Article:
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AP, News Media Guild reach new tentative 3 ½ year agreement

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NEW YORK (AP) — The Associated Press and the News Media Guild on Thursday reached a tentative agreement on a new three-and-a-half-year contract that includes pay raises each year of the agreement and health care revisions.

The agreement comes after more than 17 months of negotiations and is subject to ratification of the union membership.

The tentative agreement will require employees choosing a premium plan to pay 20 percent of their health care plan costs by January 2022. The AP had initially sought the 20 percent contribution immediately. It also expands paid parental leave for new and adoptive parents, allows parents to use sick days to care for their children and adds coverage for mental health services.

“This was a very difficult bargaining but we are proud of the gains we made, particularly the increase in paid parental leave, the addition of insurance coverage for autism treatments and allowing employees to use sick leave to care for ill family members,” said NMG President Jill Bleed. “We know the insurance increases are huge and the raises don’t keep up with inflation, but we are also cognizant of what’s happening at other news outlets.”

Management expressed satisfaction that the tentative accord was reached.

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“This new collective bargaining agreement is critical to the future success of the AP,” said Senior Vice President Jessica Bruce, who oversees human resources at the news cooperative. “The talks were long and arduous, but conducted in good faith, and I’d like to commend everyone at the table for their commitment to reaching a deal.”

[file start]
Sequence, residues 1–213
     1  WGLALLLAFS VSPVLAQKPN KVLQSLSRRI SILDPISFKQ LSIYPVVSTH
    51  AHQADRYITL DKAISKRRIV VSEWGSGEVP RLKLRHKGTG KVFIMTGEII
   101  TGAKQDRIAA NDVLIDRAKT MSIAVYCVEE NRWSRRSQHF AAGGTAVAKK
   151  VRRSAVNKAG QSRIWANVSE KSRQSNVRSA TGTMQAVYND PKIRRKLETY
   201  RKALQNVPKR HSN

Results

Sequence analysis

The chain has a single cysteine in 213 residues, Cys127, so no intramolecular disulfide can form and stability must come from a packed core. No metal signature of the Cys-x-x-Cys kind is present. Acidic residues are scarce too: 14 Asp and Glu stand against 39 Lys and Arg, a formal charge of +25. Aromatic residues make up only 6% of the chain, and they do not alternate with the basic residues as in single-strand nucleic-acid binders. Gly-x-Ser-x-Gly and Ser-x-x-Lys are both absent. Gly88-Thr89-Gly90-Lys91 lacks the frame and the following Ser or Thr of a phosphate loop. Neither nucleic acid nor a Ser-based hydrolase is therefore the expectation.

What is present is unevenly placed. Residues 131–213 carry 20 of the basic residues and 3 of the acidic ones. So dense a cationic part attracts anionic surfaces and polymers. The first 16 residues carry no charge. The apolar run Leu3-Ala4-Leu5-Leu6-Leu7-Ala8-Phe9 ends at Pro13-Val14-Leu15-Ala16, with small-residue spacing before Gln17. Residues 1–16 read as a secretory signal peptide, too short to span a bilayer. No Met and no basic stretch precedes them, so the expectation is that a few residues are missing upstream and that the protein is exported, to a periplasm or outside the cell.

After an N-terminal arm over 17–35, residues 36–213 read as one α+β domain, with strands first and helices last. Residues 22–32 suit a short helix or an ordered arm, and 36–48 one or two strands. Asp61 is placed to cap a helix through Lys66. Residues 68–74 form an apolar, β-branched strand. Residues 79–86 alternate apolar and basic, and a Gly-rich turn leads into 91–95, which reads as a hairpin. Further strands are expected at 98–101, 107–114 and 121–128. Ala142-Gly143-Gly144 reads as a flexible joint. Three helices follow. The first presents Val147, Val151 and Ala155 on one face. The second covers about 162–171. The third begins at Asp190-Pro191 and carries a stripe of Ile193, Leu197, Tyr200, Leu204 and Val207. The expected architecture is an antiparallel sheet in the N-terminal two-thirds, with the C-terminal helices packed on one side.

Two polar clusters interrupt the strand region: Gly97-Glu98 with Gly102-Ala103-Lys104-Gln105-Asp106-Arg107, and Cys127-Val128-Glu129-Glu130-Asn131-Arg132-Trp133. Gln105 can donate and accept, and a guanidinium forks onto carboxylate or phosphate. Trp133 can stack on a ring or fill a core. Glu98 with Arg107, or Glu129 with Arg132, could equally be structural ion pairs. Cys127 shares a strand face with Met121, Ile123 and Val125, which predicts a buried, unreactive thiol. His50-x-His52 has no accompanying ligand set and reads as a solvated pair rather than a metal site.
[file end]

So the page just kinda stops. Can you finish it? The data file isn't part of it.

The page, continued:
The agreement addresses relocation expenses and expands schedule flexibility for journalists engaged primarily in newsgathering.

“AP journalists are the best in the industry, breaking news, making iconic images and delivering to customers richly reported enterprise and visually engaging video,” said AP Executive Editor Sally Buzbee. “This new contract ensures they are respected for their years of service as well as their experience and expertise.”

The previous contract expired in September 2017.

The NMG is a local of The NewsGuild-CWA and represents the AP’s journalists and technicians in the United States.

The Associated Press is an independent, not-for-profit news cooperative that traces its history to 1846. It is headquartered in New York City and gathers news in text, photos and video for a worldwide audience, licensing content to U.S. and international newspapers, broadcasters and online news outlets.

The Western Journal has not reviewed this Associated Press story prior to publication. Therefore, it may contain editorial bias or may in some other way not meet our normal editorial standards. It is provided to our readers as a service from The Western Journal.

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The Associated Press is an independent, not-for-profit news cooperative headquartered in New York City. Their teams in over 100 countries tell the world’s stories, from breaking news to investigative reporting. They provide content and services to help engage audiences worldwide, working with companies of all types, from broadcasters to brands.
The Associated Press was the first private sector organization in the U.S. to operate on a national scale. Over the past 170 years, they have been first to inform the world of many of history's most important moments, from the assassination of Abraham Lincoln and the bombing of Pearl Harbor to the fall of the Shah of Iran and the death of Pope John Paul.

Today, they operate in 263 locations in more than 100 countries relaying breaking news, covering war and conflict and producing enterprise reports that tell the world's stories.
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